A new study demonstrates that by adding electric field therapy to chemotherapy can help improve the survival rate for those with glioblastoma, which is an aggressive form of brain cancer with limited effective treatment options.
Investigative research has discovered that people who live with glioblastoma and were treated with tumor-treating fields (TTFields) — a form of electric field therapy — plus chemotherapy had a longer life expectancy than patients who were treated with chemotherapy alone.
The combination of TTFields and chemotherapy also increased the number of months that the patients lived without their disease harmfully progressing.
Study co-author Dr. Roger Stupp, of the Northwestern University Feinberg School of Medicine in Chicago, IL, and colleagues recently reported their results in JAMA.
Glioblastoma is a type of brain cancer that develops from glial cells, which are star-shaped cells that surround and support the nerve cells. Glioblastoma accounts for around 15.4 percent of all primary brain tumors.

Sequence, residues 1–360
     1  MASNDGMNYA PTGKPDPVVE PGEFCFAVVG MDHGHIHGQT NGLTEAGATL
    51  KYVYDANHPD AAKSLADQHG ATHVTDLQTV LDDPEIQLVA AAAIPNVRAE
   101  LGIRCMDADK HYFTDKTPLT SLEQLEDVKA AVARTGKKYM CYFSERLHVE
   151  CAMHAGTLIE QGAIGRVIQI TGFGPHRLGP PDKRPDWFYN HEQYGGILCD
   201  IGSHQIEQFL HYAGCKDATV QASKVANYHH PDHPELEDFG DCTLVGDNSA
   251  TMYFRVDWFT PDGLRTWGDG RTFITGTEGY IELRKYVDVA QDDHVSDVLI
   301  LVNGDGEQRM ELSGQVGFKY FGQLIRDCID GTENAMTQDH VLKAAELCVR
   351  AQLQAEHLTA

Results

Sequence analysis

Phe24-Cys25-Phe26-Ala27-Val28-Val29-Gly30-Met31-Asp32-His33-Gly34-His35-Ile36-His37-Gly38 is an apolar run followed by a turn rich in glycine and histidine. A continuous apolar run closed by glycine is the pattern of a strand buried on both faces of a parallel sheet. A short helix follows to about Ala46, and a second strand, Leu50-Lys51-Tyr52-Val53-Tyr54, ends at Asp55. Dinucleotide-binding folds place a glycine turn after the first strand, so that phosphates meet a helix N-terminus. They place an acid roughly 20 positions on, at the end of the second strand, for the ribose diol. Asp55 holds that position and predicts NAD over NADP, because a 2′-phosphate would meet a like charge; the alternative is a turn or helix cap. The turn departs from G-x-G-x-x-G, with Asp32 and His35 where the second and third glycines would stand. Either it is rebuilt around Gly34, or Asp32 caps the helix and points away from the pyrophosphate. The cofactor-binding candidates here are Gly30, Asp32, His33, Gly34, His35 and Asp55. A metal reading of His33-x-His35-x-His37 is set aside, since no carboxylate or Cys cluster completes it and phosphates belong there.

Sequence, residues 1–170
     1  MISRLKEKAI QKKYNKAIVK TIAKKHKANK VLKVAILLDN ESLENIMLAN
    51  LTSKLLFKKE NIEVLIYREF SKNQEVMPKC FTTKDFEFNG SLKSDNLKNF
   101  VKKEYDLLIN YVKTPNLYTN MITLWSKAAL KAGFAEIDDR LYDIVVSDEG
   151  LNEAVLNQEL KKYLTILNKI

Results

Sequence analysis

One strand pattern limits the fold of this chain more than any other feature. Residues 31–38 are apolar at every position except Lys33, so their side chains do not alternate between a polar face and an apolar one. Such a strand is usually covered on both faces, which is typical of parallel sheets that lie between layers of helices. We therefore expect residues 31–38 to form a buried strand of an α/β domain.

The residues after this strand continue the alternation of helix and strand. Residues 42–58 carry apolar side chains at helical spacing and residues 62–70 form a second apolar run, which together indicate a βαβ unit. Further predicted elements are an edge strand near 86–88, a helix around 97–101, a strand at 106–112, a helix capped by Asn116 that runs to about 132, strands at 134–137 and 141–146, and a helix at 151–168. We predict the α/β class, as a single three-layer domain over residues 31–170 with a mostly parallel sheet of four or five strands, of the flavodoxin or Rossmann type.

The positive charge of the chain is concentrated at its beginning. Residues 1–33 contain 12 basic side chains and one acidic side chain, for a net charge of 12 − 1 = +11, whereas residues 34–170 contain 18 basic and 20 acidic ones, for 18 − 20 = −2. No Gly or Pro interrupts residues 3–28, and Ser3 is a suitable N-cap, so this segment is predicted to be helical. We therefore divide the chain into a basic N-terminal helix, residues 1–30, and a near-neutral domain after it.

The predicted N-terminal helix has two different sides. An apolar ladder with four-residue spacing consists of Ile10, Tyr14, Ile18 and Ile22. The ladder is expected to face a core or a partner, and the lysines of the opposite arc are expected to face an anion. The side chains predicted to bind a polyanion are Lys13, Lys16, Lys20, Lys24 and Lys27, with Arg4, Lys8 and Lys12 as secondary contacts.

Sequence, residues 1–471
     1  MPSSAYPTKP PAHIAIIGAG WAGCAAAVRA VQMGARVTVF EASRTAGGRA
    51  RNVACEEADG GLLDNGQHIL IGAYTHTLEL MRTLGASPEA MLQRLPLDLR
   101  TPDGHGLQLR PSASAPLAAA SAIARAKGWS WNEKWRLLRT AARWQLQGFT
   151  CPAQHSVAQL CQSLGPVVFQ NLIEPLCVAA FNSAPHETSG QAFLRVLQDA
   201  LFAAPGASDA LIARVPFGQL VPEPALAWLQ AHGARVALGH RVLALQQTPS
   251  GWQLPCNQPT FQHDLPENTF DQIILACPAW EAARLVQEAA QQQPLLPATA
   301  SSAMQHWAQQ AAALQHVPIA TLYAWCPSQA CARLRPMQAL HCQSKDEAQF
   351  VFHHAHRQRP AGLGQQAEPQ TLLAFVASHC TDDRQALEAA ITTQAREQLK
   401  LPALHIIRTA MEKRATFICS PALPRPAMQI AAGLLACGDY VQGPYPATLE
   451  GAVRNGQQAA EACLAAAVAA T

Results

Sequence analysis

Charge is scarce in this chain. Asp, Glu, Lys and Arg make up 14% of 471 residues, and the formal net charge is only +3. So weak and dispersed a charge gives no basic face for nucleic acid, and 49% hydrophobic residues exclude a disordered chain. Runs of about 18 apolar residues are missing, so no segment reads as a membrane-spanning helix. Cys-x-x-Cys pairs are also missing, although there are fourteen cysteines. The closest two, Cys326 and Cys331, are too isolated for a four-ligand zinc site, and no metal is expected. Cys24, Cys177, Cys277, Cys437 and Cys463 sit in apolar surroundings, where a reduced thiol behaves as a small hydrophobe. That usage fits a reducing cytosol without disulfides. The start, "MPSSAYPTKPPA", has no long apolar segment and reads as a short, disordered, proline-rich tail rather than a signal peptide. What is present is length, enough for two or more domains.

Glioblastoma tumors are very aggressive; they grow rapidly, and they can easily ravage the healthy tissue that surrounds them with their “finger-like tentacles,” which makes them hard to fully remove with surgery alone.
Therefore, treatment for glioblastoma usually involves a combination of surgery, radiotherapy, and chemotherapy. However, the prognosis for patients with the disease remains poor; only 30 percent of patients treated with radiotherapy and the chemotherapy drug temozolomide survive for 2 years after diagnosis.
This highlights an urgent need for new treatments that can increase survival for patients with glioblastoma.